3 of 3 found the following review helpful:
Don't you look back, I've no doubt that I will see you on the road.Jun 09, 2012
By Jason Stein
It is an absolute travesty that Americans have not fully embraced Keane like they embraced U2 and Coldplay and even The Killers. For it is from those seeds that Keane's music has taken shape. Of course there's also Travis as well. But the bottom line remains: Keane are far more popular in their native England than they are here. I mean, all of their albums have gone number one there. Can any American name any song from Keane? I still have people with furrowed brows say to me, "Keane? Who is that?"
I am biased, of course, every so often I find a band or artist that, to my ears, can do no wrong. Keane is one of those bands, and I'd even go so far as to give them an edge over Coldplay. With their fourth album, "Strangeland", the band continues to make great melodic piano driven music. They've always reminded me of my favorite era in music, the new wave/punk movement of the late 70's and early 80's. These guys really know how to make melodies that are memorable and that soar, always stadium friendly.
The deluxe version has four extra tracks. Without them there is a five star album here. With them, there's still a five star album here. Sure, there are songs that stand out from the pack, and all of these that I'm about to name should easily shoot into the American top 10. Songs like "You Are Young", "Silenced By The Night", "Sovereign Light Cafe", "On The Road", "The Starting Line", "Neon River" and even "Sea Fog". I think the only songs that might falter are "Watch How You Go", "Black Rain", "Day Will Come", "The Boys" and "It's Not True", but really, there are no weak tracks to be heard here. Everything is given a meticulous production and melodic sheen.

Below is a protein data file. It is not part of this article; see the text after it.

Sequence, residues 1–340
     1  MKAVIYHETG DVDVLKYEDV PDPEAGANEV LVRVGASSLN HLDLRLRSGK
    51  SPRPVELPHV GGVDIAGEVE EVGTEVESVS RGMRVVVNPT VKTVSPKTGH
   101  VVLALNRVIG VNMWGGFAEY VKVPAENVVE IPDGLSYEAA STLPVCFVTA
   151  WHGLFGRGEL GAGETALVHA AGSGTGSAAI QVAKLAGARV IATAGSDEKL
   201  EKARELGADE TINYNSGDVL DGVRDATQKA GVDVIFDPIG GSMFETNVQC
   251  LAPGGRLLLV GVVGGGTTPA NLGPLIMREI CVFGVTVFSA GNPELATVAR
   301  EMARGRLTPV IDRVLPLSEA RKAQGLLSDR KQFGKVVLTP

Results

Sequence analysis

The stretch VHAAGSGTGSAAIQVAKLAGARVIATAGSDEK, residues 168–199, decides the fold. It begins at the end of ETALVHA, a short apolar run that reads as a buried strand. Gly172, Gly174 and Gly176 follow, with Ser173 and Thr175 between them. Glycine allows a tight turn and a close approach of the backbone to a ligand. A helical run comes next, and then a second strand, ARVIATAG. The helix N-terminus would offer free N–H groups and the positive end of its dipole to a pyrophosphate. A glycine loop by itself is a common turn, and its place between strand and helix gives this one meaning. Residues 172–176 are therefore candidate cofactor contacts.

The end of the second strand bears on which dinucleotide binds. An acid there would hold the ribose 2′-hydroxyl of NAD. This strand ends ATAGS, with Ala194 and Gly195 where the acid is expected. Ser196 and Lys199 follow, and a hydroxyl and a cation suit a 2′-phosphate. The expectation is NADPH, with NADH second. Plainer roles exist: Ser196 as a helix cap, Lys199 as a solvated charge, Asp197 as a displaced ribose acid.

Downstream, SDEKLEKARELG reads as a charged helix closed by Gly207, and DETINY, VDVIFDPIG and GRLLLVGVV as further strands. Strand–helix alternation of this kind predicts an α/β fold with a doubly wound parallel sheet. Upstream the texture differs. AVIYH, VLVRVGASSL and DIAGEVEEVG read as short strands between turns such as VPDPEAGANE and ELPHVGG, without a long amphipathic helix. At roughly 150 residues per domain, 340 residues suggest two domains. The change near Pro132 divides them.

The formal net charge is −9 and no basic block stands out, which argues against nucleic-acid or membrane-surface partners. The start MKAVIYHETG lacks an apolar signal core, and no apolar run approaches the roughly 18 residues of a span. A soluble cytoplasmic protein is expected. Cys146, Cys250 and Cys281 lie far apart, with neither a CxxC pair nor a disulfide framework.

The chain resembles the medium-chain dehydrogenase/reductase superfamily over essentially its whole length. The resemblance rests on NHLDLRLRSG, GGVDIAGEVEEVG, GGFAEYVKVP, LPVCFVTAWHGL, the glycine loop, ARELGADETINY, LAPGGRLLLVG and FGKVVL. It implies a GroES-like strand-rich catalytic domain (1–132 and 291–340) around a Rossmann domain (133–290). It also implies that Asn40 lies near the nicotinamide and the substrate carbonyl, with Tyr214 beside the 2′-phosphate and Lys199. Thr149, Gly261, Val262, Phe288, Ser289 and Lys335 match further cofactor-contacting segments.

Now, some critics have complained that "Strangeland" finds the band spinning its wheels and not pushing forward musically like they did on their last album, 2008's "Perfect Symmetry". Well that may be true, but there is no shortage of exciting material to be had here. Perhaps the band did go back to 2004's "Hopes And Fears" for some inspiration, but that was also a great album. In fact, Keane have yet to make a misstep musically. All of their albums are great.
So, "Strangeland" gets five stars from me, something I don't often give out, because there are no songs that I can readily point to that tarnish the shine found throughout the album. It's cohesive musically and thematically.
Here's how "Strangeland" compares to Keane's previous works:
2004 Hopes And Fears: Four Stars
2006 Under The Iron Sea: Four and a Half Stars
2008 Perfect Symmetry: Five Stars
2010 Night Train (EP): Three Stars
2012 Strangeland: Five Stars
11 of 15 found the following review helpful:
Not too Keane on this...May 08, 2012
By Nse Ette
After delving into more upbeat Synth Pop on "Perfect Symetry", and fusing Hip Hop and J Pop on the "Night Train" EP, UK group Keane beat a hasty retreat into the safe piano Pop sounds of their first pair of albums which sold millions, especially after the scathing reviews the latter more recent pair received from fans.
Results are mixed, from the Coldplay/U2 feel of opening "You Are Young", the ballad "Watch How You Go", the upbeat "Sovereign Light Cafe", the bouncy "On The Road" to "In Your Time", much of the album is mildly pleasant, hardly as melodic as "Somewhere Only We Know", "Bedshaped" or "Try Again".
Where things wake up and standout are on the ballad "Disconnected" (with vocalist Tom Chaplin singing in a lower register during the verses), "The Starting Line", the brooding hymnal "Black Rain", the spare piano ballad "Sea Fog", and the lovely title track (on the deluxe edition). These leave one wishing the band took more risks. More like these and we would have a real winner!